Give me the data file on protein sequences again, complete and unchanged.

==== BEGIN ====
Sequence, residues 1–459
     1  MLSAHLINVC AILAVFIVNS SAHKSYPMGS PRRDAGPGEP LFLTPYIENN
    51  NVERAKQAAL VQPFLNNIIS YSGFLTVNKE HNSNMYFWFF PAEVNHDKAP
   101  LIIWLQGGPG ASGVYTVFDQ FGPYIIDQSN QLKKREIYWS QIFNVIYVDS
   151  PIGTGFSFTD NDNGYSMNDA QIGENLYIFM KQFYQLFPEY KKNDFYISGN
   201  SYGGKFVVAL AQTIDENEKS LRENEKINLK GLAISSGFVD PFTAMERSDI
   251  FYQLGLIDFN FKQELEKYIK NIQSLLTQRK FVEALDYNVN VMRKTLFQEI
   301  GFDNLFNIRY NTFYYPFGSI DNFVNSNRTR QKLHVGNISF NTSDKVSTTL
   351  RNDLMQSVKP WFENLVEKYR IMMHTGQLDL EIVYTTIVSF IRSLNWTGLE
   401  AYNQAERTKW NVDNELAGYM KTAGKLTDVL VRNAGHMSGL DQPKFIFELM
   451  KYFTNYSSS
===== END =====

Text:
Sequence, residues 1–459
     1  MLSAHLINVC AILAVFIVNS SAHKSYPMGS PRRDAGPGEP LFLTPYIENN
    51  NVERAKQAAL VQPFLNNIIS YSGFLTVNKE HNSNMYFWFF PAEVNHDKAP
   101  LIIWLQGGPG ASGVYTVFDQ FGPYIIDQSN QLKKREIYWS QIFNVIYVDS
   151  PIGTGFSFTD NDNGYSMNDA QIGENLYIFM KQFYQLFPEY KKNDFYISGN
   201  SYGGKFVVAL AQTIDENEKS LRENEKINLK GLAISSGFVD PFTAMERSDI
   251  FYQLGLIDFN FKQELEKYIK NIQSLLTQRK FVEALDYNVN VMRKTLFQEI
   301  GFDNLFNIRY NTFYYPFGSI DNFVNSNRTR QKLHVGNISF NTSDKVSTTL
   351  RNDLMQSVKP WFENLVEKYR IMMHTGQLDL EIVYTTIVSF IRSLNWTGLE
   401  AYNQAERTKW NVDNELAGYM KTAGKLTDVL VRNAGHMSGL DQPKFIFELM
   451  KYFTNYSSS